How a Baby Moves

My children are delightful and (of course!) unique and special.  I can only assume it will be the same with number three whenever she chooses to make her appearance (please not any time before February, Butterfly, thank you very much).  And from what do I make my assumptions?

Baby dancing.

No, not that kind!  Tsk.

I refer to the way in which babies move while in the womb (although the way they dance after is pretty darn funny too).  Before having my second child, I assumed there was a fairly uniform two-step each baby performed.  Not so, and may I present exhibits A, B, and C for your perusal:

THE STRETCHER: Ladybug

While in the womb, Ladybug liked nothing better than stretching out as far as she could go.  But as she got longer and longer, this whole pushing boundaries thing became a problem. And a wrestling match. DB often laughed at me all through church as I say next to him, pressing valiantly on my belly and not gaining even a centimeter of give.

Ladybug has displayed these same tendencies in her everyday personality quirks.  She likes to see exactly how far she can go, find that line, then stand there and not give any in one bit. It is officially her job to remind us of exactly how things are done–how we eat breakfast, how we pray, and she doesn’t forget promises we make to her.  She finds where she can be and sticks to it.

THE WASHING MACHINE: StrawBee

StrawBee’s fav rave was circles.  She liked to flip over and over and over and OVER. It was a lot like having a spin cycle going on in my belly.  I wasn’t supposed to be going on any carnival rides but I felt like I was on one most nights.  It did something very uncomfortable to my guts (something about her little ankles catching on them over and over, I imagine) and created the oddest feeling of discombobulation.

From the moment of her birth StrawBee has never been one to sit still and let life happen to her. She is a mover and a shaker; a strong child who sees what she wants and goes to get it. This is a particularly effective personality to have as a second child, I like to think, because she has Ladybug to watch and learn from–and thus always a goal to strive for.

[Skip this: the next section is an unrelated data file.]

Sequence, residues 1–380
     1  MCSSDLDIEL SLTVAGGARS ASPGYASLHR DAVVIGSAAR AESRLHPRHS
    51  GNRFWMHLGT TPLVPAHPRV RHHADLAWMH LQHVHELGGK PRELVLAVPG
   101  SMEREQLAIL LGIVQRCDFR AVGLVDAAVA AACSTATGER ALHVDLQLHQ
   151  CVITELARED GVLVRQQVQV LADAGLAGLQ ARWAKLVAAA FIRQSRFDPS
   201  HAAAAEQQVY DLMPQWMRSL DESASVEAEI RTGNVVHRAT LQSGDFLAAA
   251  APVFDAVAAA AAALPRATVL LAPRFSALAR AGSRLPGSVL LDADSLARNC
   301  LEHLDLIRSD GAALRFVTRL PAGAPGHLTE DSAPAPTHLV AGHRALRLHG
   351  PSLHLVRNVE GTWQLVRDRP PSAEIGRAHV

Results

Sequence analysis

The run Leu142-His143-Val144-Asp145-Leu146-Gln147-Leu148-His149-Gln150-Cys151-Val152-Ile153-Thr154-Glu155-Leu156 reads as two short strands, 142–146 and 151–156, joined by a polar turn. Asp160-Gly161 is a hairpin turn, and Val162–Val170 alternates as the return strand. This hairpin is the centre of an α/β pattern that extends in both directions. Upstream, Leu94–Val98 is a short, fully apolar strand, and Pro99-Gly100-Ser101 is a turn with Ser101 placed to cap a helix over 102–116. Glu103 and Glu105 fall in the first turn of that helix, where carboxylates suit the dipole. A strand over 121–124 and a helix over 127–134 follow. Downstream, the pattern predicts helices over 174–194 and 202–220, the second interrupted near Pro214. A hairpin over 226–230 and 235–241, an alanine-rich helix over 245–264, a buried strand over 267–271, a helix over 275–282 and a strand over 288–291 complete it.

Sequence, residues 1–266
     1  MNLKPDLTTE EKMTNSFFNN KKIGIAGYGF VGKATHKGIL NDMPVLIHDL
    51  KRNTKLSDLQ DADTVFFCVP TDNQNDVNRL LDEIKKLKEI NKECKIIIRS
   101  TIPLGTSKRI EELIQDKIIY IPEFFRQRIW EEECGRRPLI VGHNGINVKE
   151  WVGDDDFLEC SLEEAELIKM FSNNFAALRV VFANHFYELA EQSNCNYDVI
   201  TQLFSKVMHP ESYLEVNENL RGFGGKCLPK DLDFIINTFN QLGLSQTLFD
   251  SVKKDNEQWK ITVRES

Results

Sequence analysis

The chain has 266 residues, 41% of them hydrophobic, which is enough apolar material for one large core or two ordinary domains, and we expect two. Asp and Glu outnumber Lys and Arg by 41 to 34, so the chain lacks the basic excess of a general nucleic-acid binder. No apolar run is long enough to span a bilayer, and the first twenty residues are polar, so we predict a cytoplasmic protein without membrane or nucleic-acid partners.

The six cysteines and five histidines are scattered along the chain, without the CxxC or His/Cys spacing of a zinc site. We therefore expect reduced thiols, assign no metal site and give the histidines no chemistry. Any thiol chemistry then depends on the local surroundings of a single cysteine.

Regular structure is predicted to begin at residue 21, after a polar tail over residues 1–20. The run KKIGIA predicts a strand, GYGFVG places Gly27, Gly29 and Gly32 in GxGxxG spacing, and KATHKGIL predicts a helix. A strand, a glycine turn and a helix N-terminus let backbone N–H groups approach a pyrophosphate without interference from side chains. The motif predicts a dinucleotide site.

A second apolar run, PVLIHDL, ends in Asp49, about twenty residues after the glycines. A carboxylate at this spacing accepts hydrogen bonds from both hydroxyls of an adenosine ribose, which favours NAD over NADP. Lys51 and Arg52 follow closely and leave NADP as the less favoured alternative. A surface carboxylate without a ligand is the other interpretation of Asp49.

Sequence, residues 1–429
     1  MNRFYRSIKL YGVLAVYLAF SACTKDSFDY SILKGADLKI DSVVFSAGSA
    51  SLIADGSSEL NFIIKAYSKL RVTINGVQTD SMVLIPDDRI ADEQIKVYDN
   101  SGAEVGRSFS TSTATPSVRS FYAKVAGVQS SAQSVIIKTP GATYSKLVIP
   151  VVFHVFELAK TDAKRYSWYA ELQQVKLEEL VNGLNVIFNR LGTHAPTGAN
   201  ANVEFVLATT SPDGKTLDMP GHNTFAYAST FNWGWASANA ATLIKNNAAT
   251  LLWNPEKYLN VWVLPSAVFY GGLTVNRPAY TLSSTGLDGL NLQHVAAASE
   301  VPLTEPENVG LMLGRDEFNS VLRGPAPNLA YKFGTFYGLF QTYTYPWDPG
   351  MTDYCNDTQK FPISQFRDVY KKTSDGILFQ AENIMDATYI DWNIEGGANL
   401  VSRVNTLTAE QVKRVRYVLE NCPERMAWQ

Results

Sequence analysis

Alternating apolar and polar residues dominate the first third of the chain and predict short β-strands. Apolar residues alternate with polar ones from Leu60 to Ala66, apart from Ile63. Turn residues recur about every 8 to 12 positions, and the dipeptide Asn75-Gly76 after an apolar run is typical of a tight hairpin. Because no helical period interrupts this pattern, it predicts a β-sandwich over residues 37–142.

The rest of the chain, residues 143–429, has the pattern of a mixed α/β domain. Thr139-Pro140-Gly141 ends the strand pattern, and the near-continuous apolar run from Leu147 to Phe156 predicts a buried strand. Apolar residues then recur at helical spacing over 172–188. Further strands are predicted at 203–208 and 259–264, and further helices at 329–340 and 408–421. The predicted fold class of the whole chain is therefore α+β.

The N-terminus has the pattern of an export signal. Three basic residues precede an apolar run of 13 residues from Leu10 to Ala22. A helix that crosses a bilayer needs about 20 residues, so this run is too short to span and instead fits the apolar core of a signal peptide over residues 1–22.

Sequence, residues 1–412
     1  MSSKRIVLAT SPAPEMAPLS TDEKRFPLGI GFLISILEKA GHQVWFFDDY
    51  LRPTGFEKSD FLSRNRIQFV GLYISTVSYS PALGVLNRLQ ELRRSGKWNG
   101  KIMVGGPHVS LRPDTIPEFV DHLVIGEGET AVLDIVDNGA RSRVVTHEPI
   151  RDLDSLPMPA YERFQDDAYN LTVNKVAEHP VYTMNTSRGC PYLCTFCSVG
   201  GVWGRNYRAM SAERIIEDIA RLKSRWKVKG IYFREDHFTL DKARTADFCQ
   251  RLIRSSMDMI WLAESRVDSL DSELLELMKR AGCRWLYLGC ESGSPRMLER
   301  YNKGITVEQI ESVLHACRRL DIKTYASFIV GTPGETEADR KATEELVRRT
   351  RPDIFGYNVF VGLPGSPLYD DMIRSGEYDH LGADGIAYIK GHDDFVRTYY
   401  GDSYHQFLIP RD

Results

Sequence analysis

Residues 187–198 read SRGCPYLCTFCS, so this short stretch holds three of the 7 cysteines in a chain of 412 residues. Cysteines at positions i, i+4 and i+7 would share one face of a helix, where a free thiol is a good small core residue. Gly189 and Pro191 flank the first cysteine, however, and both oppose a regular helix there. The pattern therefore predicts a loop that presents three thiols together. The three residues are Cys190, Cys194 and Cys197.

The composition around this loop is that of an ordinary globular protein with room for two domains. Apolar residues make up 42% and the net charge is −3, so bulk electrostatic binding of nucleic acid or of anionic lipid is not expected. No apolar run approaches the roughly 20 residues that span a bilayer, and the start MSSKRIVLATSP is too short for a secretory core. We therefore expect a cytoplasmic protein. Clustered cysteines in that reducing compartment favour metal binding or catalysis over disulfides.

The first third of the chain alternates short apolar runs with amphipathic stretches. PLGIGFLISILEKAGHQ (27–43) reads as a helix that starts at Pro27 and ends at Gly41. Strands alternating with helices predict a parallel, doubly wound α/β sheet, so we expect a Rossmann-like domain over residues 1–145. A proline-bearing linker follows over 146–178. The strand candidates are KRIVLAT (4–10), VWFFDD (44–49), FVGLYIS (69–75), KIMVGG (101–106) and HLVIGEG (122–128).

THE POPCORN BAG: Butterfly

I first started feeling this little firecracker moving around 11 weeks gestation (and for the uninitiated, that’s about 8 weeks sooner than what’s considered average). I heard many comments that this child must certainly be a boy for all of her activity, but unless something truly unusual happens between now and her birth I am quite sure this is not the case.  She punches and kicks like a regular boxing champ; I’ve even wondered on occasion if I’m actually giving birth to a kangaroo.  Ultrasounds can be so inconclusive, you know.

It’ll be interesting to meet her in February. If nothing else, we know she’s getting plenty of practice in so she’ll be ready to stand up to the other two.

I love being pregnant, though. No really, I do. Something about feeling like you’re being invaded by a small alien is really life-affirming. Not to mention frighteningly like having super powers. Trying to interpret the ways the child moves into what they might actually be like as a little person has got to be one of the best guessing games ever.

Has anyone else seen a correlation between baby movements and personality, or am I making these insightful connections on way too little sleep?

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About Carolynn the Dyer

If I've learned one thing by having three children in four years, it's that babies are not, in fact, the best birth control. ... Okay, just kidding. I've really learned that laughter is the only way to survive the wilds of parenthood, and life in general. Also, that it is indeed possible to do dishes, parent, and carry on a conversation at the same time. If that sounds like fun, or just impossible, then come join me on my blog--and join me in the jungle.
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